“Exploring Crete” is Peter Sommer Travels’ first scheduled tour in 2017. This year, to give an impression of the experience, we are providing a diary of sorts on our blog. Rather than describing every day in  detail (you can check our itineraries on www.petersommer.com for that), every day we will pick one image we took that day, accompanied by some explanations and thoughts.

Day 7:

This was a  day of transition. Having left behind the Asterousia Mountains, and having enjoyed a near-aerial view of the Mesara Plain with its millions of olive trees on the descent one last time, we visited our final site in Central Crete: ancient Gortyna (or Gortyn).

Later, we pushed on into West Crete, a distinctively different region, where we visited an ancient cemetery and had a long and leisurely wine-tasting lunch in a small village. Now, we are at our residence for the next three nights, a fascinating period hotel overlooking the sea just outside the centre of Chania, one of West Crete’s two beautiful Venetian port towns. We had dinner in an Venetian/Ottoman-era lane next to Chania’s unforgettable harbour-front.

Gortyn is an exceptional place in many regards. In Greek mythology, it is the place where Zeus, having seduced or abducted the Phoenician princess Europa in the disguise of a bull, brings her to consummate their affair. In history, it is one of the most powerful among Crete’s many city states, long-time rival to Knossos and the eventual Roman capital of the island, as well as the first foothold of Christianity on Crete. In archaeology, it is a key site, with settlement in the Neolithic and Bronze Age, with grand remains of early temples on its hilltop acropolis, throwing light on the early development of the Cretan city states, and with the very extensive remains of the Roman city.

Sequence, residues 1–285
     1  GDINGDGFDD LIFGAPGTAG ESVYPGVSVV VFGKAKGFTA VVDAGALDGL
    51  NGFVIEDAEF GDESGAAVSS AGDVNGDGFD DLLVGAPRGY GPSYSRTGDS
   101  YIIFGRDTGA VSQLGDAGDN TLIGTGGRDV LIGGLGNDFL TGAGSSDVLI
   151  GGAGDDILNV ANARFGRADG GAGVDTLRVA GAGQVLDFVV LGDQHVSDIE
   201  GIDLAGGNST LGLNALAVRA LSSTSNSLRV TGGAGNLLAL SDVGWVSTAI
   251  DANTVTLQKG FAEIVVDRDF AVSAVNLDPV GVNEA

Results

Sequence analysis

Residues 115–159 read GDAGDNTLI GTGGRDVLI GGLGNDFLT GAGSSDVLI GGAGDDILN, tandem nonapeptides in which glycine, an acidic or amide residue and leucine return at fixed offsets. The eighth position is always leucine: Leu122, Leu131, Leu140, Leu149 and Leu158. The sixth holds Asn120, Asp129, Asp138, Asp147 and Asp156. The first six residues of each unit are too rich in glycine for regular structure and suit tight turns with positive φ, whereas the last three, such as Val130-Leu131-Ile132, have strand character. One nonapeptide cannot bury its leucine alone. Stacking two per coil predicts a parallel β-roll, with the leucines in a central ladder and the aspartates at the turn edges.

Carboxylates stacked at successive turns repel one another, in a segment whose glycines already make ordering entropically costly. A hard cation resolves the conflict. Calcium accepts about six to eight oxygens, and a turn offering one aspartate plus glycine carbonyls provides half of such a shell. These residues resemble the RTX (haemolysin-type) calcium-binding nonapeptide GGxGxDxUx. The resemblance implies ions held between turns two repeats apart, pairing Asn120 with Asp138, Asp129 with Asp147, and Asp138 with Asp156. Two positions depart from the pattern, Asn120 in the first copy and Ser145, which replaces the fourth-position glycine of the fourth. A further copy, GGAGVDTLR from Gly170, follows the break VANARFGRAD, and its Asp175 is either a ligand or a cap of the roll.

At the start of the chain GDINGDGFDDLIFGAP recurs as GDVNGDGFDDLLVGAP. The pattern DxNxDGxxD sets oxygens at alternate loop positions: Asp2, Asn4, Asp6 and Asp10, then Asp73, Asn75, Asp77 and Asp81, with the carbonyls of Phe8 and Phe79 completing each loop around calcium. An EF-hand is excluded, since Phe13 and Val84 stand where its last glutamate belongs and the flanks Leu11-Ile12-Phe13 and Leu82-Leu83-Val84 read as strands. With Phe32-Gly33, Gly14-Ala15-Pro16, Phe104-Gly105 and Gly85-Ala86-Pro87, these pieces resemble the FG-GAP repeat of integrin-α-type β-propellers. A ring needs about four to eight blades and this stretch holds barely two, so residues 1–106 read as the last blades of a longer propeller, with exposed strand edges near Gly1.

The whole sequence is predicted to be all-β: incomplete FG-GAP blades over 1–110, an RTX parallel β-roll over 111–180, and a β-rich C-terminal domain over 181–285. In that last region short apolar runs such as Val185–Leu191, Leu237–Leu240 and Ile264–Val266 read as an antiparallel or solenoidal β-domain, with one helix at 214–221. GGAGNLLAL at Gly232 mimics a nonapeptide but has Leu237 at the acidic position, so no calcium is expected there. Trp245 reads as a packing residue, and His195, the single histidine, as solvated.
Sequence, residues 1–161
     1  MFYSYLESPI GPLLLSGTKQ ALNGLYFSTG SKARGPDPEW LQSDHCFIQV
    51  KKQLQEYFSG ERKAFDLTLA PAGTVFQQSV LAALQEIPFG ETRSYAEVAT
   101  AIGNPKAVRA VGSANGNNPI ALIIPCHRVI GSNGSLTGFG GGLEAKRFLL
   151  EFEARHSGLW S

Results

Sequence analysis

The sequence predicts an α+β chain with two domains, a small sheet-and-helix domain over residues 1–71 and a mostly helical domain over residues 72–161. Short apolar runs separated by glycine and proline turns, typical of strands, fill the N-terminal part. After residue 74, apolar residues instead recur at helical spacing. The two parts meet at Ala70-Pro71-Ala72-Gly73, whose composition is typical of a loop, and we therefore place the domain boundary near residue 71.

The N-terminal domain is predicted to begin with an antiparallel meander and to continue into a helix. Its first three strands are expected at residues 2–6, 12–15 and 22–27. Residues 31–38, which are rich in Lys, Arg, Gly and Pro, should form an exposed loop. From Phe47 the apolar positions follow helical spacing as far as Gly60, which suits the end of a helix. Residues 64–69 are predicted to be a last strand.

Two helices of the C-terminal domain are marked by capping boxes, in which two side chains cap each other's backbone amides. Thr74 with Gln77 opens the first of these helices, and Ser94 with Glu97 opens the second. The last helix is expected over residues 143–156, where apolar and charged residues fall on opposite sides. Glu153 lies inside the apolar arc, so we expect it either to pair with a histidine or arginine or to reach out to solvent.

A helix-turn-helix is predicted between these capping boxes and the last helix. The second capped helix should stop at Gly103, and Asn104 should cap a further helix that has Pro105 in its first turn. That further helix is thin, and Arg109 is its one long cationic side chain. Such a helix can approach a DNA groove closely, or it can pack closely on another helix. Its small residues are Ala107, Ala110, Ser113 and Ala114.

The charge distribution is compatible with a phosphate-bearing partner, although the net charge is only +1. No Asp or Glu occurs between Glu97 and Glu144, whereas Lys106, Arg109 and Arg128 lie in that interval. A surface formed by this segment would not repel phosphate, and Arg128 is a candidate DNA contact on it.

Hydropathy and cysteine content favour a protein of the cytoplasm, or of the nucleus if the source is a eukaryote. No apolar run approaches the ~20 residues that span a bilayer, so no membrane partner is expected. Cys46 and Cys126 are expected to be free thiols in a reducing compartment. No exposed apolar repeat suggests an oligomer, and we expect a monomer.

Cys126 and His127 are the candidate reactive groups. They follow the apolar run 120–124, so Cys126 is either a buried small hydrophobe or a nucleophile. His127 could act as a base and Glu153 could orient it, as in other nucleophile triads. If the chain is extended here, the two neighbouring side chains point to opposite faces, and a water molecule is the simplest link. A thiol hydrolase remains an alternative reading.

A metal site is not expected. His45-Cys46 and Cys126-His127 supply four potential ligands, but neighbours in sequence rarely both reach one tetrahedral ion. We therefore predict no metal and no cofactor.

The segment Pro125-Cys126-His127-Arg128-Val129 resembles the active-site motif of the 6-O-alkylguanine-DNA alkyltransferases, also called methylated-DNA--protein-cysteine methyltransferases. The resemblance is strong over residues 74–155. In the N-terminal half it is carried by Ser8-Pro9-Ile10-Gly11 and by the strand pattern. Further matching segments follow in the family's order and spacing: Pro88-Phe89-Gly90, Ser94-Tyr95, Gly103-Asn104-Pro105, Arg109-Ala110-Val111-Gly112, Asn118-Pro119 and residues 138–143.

Much of Gortyn still lies unexcavated, making the site one of the most atmospheric in Greece: the excavated areas are scattered amongst large and old olive groves. In between them, the remains of large buildings stick out of the soil here and there, while the ground is covered in vast quantities of broken pottery from vessels and roof-tiles.

Venerable olive trees abound here, some of them hundreds of years old and still bearing fruit. The trees themselves are a potent symbol is Crete’s agricultural wealth and autonomy, having been a mainstay of its economy and an important Cretan export for many millennia. Their stubborn longevity is near-miraculous: there are living trees known to be over 3,000 years old in this island. The olive trees’ gnarly trunks and the silvery sheen of their leaves are one of the most distinctive aspects of Crete, an olive grove stroked by a breeze is a kaleidoscope of light and shade, of green, grey and silver.

Tomorrow is a free day for us and our guests, a chance to catch our breath and relax before setting out on more adventures. No doubt, I will find something to report.

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